Also what light fixture? Did you change out bulbs on it recently etc.? Changes in lighting can also cause long sulking periods.

Corals in nanos can also fail to thrive for reasons that have nothing to do with water quality or placement - a lot of it is to do with what they're in with and whether the corals are playing chemical warfare with each other. Hammers are often one of the aggressors in that but not always. In a 15gal, any corals have to be pretty happy with each other to coexist.
 

Colin_T

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All of them were dipped and I found no evidence of pests etc, and all of them but the hammer are doing well.
What did you dip them in?

You want to drop your water temperature a few degrees. Corals will stress and bleach at temps around 82F so 80F is close to their limit. Try to get it down to 76/77F.

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Do you use natural sea water or make up artificial marine salts?
If you make artificial marine salts, do you make it up 24 hours before using it?
You should so the salts have a chance to dissolve completely. The water and salt should also be aerated during this time.

If you use tap water then dechlorinate it as well.

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How long is the light on for?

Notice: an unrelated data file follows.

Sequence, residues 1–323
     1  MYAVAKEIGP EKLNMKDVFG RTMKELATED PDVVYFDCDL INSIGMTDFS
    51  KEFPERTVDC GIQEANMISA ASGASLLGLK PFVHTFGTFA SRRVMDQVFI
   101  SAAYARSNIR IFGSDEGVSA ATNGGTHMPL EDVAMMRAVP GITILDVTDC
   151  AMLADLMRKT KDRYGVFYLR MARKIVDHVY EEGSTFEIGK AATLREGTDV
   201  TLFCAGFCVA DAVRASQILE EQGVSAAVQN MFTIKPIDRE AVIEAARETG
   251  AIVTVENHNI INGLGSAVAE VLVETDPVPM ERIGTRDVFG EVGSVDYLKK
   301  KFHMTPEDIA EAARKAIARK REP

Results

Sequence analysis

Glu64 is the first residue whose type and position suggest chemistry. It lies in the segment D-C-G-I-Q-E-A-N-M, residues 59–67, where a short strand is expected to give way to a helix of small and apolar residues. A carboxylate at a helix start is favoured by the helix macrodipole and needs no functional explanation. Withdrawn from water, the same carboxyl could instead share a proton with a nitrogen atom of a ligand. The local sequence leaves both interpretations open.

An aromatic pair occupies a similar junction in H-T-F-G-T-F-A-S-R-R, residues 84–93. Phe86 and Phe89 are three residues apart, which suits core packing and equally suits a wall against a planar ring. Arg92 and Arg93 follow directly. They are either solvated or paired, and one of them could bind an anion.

Lights can be on for up to 16 hours a day but the fish and corals need 8 hours of darkness.

Do you have a full colour spectrum on during the day or only the blue light?
You want a full colour spectrum for most of the day and maximum intensity. Corals love light and need bright light and a good colour spectrum to do well.

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I would do a huge water change and see if that helps. Most of the time corals don't extend out is if there is a water quality issue. A big water change can usually fix that.
 
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Narideth

Narideth

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None of the CUC really mess with the hammer. They can't reach the corals on the frag rack and the hammer is distanced a little from the other corals, though that was to protect them from its sweepers, not the other way around.